Broom left and the bullpen now dwindled to an unproven, second-tier level of relievers, and Shevchik signed three more pitchers for playoffs. More players received a Cape Cod League hat due to availability rather than talent, and this time, Shevchik even questioned if his experiment has gone too far. The three pitchers suited up and were ready to take the mound, including a kid named Ryan Cyr.
With only a few days left in the season, the Whitecaps went on a winning streak and clinched playoffs. But, when Shevchik was asked how they were supposed to win without their best reliever and a hodgepodge of pitchers, he said, “Simple. Next guy up.”
Day 6 | More Than a Game
The Whitecaps survive.
Cyr gets out of the jam, the Caps score one in the top of the tenth, and the last-minute-afterthought pitches a flawless 10th to send his team to the second round of playoffs.
They now face the league’s regular season champion, the Bourne Braves and, as expected, the Caps drop Game 1, but when faced with the prospect of going home, they win Game 2 and head to another deciding Game 3.
This was their third elimination game in five games, their sixth game in six days, yet the team never looked more relaxed. Why shouldn’t they? The Caps just beat the best team in the Cape, fought back from two elimination games, and won the deciding game with a temp-contract starting pitcher and a late-sign closer.
In every situation, the Whitecaps are supposed to lose, yet have continued to win, so why would their series against Bourne feel any different?
But, it was for Shevchik.
This entire playoff, there was something missing. Something lost in the dugout that he usually never had any trouble finding. Something that has been part of his career as much as his Oakley’s and chinstrap beard: pressure.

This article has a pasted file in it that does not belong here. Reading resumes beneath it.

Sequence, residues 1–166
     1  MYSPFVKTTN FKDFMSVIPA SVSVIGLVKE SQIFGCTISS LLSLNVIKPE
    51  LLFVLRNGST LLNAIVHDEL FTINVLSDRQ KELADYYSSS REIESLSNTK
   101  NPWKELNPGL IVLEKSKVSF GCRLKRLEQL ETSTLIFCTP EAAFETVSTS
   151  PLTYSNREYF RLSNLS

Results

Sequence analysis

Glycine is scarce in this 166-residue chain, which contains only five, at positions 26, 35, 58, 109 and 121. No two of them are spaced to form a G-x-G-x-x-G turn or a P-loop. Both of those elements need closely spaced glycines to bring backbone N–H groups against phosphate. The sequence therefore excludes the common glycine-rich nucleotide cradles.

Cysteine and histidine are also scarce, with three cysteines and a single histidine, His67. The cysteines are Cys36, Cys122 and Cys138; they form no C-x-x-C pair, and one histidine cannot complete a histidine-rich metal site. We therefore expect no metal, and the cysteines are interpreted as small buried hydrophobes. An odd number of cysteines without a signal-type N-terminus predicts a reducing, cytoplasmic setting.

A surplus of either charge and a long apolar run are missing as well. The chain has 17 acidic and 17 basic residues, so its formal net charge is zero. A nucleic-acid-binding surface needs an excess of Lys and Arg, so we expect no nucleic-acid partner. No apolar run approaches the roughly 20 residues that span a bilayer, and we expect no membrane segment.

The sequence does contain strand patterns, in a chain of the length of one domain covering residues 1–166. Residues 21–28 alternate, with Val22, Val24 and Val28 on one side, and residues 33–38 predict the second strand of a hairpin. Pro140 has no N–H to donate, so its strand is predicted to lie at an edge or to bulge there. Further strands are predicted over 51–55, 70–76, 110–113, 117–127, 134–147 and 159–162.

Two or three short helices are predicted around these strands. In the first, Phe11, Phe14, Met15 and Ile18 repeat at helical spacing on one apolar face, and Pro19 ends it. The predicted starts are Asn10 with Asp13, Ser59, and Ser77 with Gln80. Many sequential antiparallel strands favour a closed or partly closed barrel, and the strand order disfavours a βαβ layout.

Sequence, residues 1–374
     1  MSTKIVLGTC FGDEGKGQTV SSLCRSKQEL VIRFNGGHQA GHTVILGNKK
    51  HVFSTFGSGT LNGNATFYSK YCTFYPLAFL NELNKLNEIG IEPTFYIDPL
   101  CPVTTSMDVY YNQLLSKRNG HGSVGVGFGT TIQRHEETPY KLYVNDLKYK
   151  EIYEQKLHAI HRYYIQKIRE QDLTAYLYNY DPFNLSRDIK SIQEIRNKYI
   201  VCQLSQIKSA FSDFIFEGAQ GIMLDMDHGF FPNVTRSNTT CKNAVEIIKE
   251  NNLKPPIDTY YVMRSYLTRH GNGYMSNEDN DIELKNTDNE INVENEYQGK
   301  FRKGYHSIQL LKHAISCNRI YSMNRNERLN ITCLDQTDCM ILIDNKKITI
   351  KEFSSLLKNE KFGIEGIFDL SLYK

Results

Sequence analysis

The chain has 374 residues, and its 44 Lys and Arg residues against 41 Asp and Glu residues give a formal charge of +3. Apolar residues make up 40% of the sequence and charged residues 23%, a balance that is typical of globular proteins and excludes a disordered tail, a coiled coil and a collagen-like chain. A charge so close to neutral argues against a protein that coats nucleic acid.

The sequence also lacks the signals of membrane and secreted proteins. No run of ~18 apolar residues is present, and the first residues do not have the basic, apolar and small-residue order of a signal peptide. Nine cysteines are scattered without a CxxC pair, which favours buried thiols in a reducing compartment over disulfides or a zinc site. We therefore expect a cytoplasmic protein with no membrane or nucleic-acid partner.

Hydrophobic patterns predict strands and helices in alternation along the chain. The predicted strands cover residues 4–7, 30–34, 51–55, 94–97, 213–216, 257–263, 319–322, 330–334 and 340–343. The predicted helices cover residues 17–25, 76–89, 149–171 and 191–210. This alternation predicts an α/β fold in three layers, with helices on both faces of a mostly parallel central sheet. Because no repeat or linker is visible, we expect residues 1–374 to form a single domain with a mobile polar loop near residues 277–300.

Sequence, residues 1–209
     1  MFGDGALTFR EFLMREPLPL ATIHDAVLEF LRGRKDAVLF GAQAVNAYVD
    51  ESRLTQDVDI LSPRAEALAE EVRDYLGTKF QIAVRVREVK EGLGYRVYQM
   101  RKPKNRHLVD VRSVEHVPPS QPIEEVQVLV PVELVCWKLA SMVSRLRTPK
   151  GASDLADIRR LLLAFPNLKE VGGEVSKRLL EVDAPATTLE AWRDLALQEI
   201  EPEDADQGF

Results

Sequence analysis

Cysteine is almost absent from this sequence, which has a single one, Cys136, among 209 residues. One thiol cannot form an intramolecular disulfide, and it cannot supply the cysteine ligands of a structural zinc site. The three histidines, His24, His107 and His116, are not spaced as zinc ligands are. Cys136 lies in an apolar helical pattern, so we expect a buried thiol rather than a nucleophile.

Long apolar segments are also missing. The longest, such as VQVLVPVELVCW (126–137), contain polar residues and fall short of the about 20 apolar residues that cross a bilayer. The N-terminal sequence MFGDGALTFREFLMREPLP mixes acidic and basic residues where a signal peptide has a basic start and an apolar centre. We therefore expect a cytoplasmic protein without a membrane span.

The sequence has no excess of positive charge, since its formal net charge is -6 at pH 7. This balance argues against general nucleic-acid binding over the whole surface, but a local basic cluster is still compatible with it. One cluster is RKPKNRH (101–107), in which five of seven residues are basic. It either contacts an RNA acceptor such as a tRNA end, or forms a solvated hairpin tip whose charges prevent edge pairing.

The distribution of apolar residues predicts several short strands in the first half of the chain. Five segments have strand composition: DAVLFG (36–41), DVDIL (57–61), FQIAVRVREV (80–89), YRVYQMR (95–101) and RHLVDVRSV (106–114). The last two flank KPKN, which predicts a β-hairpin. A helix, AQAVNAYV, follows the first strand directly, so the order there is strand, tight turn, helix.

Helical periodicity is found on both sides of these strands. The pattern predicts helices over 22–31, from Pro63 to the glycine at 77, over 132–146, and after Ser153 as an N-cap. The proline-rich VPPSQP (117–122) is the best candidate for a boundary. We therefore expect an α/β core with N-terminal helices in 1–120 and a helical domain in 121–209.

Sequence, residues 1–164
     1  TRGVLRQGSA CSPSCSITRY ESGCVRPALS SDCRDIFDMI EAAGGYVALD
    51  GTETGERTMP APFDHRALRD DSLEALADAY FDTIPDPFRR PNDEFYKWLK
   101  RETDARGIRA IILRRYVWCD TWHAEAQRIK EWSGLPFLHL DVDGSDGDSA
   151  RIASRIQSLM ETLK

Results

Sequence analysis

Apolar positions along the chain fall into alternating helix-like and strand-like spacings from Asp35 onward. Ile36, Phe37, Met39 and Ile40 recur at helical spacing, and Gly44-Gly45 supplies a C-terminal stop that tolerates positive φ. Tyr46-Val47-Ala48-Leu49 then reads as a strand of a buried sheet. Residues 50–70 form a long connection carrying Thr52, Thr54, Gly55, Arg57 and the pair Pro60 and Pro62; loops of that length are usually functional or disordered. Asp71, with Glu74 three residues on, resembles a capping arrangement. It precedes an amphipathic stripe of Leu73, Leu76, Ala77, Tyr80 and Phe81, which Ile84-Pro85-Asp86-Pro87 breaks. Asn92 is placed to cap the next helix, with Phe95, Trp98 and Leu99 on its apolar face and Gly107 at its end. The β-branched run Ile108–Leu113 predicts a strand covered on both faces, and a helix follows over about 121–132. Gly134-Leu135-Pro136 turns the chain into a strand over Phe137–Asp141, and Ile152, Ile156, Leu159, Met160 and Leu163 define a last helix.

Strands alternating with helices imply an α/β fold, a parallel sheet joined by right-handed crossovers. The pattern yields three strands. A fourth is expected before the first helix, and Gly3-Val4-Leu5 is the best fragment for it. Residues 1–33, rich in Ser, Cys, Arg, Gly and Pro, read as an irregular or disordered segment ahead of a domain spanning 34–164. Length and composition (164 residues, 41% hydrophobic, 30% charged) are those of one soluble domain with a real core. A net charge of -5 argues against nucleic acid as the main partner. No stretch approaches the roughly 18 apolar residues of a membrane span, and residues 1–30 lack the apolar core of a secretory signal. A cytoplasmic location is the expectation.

For the last thirteen years at Keystone, Shevchik has been bound together and pulled apart by two forces: his instinctual and addictive desire to win at all costs, and his protective need to just lose. To end Keystone’s streak. To allow his team to play the game that’s already challenging enough without having to chase the ghosts of teams past. To start a new journey. To enter next year’s conference play as the Keystone Giants, not the 14th Consecutive Conference Champions Keystone Giants.
Each season, winning, losing, expectation, and pressure all seemed to swirl together and button its own jersey in every dugout Shevchik enters. The streak has held a longer tenure than most head coaches have even been at their school. At its inception, George W. Bush was still in office and soon, Shevchik would be recruiting players who we not even born during the first championship. Keystone has won so many titles that a season which doesn’t end with a championship and regional appearance is a failure.
He thinks a lot about when that day will come. He prepares for it, even welcomes it to just finally be done with, carrying the weight of every conference tournament with him everywhere he goes. But he fears the pain of that day and fears losing everything he’s worked so hard to achieve. He’s pulled in both directions and as much as he thinks about that day, he knows it will be the moment he finally splits in two.
He came close this past year. In the last 15 years, they’ve only lost three conference tournament games and two of them came in the last two years. In the 2017 Conference championship game, the Keystone Giants were actually losing going into the 7th inning. Shevchik sat on the bench and, oddly enough, felt relief. This was it, he thought, they were going to lose, finally, it would be liberating. He can go home to his wife and daughters as just a normal baseball coach and start over again. Start a new beginning as a coach that doesn’t spend another day configuring their lineup and another night asking himself the same question that wakes up with him in the morning, ‘what arms are available?’. The pressure and expectation to notch another tally next to the decade and a half of championships could simply end.
He could just lose. Just start over again, and just maybe, sleep.
He wishes he could just go back to being normal. But he knows it’s just a wish.
By the time his mind entertained the idea of losing, the competitor instinct wrestled back and Keystone kicked into an inevitable comeback. Something told him he couldn’t lose just yet, and then, the game of baseball made sure they wouldn’t.
With Keystone threatening to take back the lead, a fly ball was hit to the best player in the league and he dropped it. Keystone scored two and went on to win their 14th consecutive conference championship.
Shevchik gave the trophy to his team and checked the stat card, what arms are available?